This means that the more virions that get in, the more likely infection is to occur. Currently, it isn’t clear how many SARS-CoV-2 particles are necessary to enter our body in order to cause an infection and this number is likely to vary across individuals. In addition, we should note that in order to be infectious, virions must be intact. When a virion sits out in the world — say, on a milk carton or cereal box at the store — it degrades. Once it is no longer intact, it retains some of the genetic material of the virus, but is too damaged to be infectious.

So, let’s say the virion makes it past our initial defenses — mucus and cilia — without getting expelled. Once it gets in, it’s got to get into your cells to reproduce. Why? A virus contains genetic material (either RNA or DNA — SARS-CoV-2 is an RNA virus) but it doesn’t have the machinery to copy itself. Instead, it needs to hijack the machinery of your cells to replicate.

To do this, it needs to get hold of cells and unlock them. Viruses can do this with the different “keys” it has on its surface. Different viruses have individualized keys that can unlock different cells in the human body. In the case of SARS-CoV2, we strongly suspect that the “lock” it can bind to on human cells is the ACE2 receptor. This ACE2 receptor is present throughout our airway and lungs, and possibly in the gastrointestinal tract. This could explain why COVID-19 presents with such a wide variety of symptoms.

The main target cells, though, are the cells that line our lungs. Once the virus locks onto a cell, it uses the cell’s own machinery to fuse and enter the cell. And then it gets to work.

The virus hijacks the cell’s machinery to replicate itself, by translating its genetic material (its RNA) into proteins that can assemble to form more viral particles. It uses parts of the cell (technically the “Golgi apparatus”) to package these proteins. The packages gather at the edge of the cell and then bud off to form new virus particles.

As these new virus particles exit the cell, the human cell it infected dies. Your cells die and replace themselves all the time, but having too many die at once can be a problem.

Step 3: Response + Recovery: Asymptomatic, Mild and Moderate Cases

This may sound scary, but it is important to remember that our body is used to this. You’ve very likely been infected with viruses before! And you have tools to deal with it. Your immune system gears up to fight. In fact, there are two separate immune responses: the innate immune response and the adaptive immune response.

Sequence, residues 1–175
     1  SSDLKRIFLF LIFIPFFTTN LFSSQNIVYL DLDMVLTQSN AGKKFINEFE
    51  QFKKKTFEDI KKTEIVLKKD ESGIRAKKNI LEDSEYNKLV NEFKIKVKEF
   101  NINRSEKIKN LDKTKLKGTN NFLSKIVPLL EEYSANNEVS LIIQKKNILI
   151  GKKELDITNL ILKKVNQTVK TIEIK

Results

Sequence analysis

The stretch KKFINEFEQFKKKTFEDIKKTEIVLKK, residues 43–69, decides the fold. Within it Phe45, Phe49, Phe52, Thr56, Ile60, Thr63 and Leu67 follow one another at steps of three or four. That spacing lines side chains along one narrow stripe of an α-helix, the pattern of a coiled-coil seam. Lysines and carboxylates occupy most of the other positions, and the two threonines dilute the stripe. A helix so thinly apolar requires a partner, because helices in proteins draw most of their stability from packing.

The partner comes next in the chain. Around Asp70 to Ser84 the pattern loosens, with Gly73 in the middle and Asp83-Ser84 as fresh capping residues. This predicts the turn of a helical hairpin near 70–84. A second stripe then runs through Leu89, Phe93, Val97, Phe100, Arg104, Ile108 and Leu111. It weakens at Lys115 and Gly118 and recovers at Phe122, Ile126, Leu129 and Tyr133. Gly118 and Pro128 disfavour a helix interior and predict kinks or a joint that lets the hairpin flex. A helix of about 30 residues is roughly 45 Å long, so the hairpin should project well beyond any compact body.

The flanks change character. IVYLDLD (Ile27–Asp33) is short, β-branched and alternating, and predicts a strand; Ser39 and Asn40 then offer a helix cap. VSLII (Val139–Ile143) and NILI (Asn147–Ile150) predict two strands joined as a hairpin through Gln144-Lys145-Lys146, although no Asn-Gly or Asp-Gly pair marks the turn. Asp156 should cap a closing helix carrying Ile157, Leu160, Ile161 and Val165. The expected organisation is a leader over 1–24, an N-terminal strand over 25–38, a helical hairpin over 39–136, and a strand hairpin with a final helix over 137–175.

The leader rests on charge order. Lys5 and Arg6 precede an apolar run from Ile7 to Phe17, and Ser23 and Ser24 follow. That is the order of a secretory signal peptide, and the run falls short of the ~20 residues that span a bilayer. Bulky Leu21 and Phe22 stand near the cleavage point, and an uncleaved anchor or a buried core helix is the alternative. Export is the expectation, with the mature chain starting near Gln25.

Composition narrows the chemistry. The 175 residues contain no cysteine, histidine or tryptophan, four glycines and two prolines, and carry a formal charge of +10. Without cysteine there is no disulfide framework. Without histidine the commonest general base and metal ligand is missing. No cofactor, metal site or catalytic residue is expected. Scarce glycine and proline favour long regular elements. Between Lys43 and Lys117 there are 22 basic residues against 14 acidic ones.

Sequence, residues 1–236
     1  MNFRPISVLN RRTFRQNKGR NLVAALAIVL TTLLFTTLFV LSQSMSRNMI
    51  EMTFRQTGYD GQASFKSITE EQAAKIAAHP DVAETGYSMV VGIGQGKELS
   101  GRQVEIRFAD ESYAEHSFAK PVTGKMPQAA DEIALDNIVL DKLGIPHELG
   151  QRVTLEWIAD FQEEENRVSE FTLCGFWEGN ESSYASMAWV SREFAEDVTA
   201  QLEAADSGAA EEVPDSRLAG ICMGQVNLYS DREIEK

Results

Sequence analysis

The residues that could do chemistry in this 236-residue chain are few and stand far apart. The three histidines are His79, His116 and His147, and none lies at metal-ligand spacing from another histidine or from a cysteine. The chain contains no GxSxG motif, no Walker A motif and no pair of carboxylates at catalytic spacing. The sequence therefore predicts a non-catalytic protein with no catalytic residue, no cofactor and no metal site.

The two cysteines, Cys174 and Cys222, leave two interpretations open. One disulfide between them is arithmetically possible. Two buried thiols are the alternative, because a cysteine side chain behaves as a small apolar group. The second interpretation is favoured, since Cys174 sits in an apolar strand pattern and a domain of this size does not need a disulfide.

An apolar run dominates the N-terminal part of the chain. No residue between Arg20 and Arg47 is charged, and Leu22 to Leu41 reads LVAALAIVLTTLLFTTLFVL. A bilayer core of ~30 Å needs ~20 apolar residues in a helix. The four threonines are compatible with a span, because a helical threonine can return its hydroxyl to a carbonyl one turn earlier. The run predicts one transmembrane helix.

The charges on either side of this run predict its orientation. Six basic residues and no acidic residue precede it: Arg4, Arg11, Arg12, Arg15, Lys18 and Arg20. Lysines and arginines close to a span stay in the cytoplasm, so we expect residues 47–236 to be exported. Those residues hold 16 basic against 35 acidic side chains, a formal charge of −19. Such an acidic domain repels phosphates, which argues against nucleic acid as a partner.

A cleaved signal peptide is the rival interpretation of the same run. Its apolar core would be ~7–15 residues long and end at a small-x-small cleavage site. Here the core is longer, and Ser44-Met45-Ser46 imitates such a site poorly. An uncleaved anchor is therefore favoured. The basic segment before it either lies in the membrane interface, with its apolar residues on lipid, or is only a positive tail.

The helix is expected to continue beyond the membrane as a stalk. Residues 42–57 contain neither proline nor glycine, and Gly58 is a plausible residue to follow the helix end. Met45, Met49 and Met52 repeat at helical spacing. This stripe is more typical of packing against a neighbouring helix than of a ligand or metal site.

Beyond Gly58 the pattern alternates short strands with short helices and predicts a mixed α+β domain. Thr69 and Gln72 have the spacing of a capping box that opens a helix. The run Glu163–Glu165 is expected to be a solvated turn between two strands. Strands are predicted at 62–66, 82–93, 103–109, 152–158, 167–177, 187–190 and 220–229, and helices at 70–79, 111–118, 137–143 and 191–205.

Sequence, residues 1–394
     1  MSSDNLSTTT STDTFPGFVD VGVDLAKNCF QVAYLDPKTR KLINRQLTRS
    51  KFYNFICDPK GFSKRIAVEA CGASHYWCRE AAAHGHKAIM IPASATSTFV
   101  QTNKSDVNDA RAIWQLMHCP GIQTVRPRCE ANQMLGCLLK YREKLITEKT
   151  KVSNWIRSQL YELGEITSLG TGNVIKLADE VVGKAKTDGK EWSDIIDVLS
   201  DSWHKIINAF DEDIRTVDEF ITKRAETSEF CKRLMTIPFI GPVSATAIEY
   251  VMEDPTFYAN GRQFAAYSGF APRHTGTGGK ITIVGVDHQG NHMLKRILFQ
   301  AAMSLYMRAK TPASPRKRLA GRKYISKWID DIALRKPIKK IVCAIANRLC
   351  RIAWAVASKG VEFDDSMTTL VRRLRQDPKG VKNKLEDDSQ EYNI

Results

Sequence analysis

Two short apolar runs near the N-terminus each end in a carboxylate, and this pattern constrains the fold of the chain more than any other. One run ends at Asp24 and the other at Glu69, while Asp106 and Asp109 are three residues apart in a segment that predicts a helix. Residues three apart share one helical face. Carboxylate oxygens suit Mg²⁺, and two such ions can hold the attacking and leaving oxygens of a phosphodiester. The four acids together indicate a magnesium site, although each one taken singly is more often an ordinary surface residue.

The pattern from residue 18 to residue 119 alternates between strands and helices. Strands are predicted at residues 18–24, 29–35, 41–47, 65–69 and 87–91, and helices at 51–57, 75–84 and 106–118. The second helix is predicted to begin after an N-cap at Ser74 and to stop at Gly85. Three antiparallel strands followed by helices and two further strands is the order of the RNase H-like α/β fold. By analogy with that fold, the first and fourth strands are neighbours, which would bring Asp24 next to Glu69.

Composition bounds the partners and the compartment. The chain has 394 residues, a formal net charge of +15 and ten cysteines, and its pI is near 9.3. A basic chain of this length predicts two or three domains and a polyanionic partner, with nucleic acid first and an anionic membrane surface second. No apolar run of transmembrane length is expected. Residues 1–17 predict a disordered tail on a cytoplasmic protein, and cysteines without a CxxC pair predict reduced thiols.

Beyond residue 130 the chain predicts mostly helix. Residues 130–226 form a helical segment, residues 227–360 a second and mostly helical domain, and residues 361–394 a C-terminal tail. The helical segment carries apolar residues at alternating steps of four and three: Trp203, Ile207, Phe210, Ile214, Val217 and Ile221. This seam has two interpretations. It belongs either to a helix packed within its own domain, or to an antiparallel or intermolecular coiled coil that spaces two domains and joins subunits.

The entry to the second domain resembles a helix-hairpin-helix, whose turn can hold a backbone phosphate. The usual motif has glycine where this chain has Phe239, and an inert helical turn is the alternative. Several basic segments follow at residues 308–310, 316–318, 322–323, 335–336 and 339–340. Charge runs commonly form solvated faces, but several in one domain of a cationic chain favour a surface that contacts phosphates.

Because your body hadn’t seen SARS-CoV-2 before — it’s “foreign” to your immune system — your body will not have a solid plan to deal with it right away. When it does recognize the virus, it deploys first the which consists of barrier defenses (such as the mucus and cilia and also tight junctions between cells), secreted chemicals, and white blood cells. There are several different types of key white blood cells — macrophages, dendritic cells, and neutrophils — and they all have slightly different methods of attack.

In general, though, these white blood cells are able to broadly recognize and attack a wide variety of organisms that can cause disease, whether they be bacteria, fungi, or viruses (like SARS-CoV2). In some cases white blood cells can identify your own cells that have been infected and induce them to kill themselves before the virus can get out.

The innate immune response causes some symptoms of illness. For example, our innate immune system produces a fever as both a means to kill the virus (higher temperature might make it harder for the virus to survive) and also as a signal to the rest of the immune system that it’s time to kick in.

Several days later (typically 4 to 7 days after exposure), the “adaptive immune response” enters the fight to support the initial innate response. This response is targeted rather than general — that is, it is a response that is specific to this virus. The adaptive immune response involves, for instance, the production of antibodies to the virus. These come in a few variants, all starting with “Ig” (short for immunoglobulin) and distinguished by their last letter (so you’ve got IgM, IgG, IgA…). They all have slightly different functions, but in the end they work together to kill the virus.

These immune responses are the same ones that your body deploys to fight all kinds of viruses (the flu, measles, etc, etc). And for a large share of COVID-19 cases, this immune response is enough to deal with the virus. This is especially true if the virus is contained to the upper respiratory tract (causing symptoms such as sore throat, cough, fever, etc.) You’ll get mild symptoms, the antibodies will fight the virus, you’ll feel kind of crummy (or maybe not — a large share of infections are asymptomatic) and then it will be over.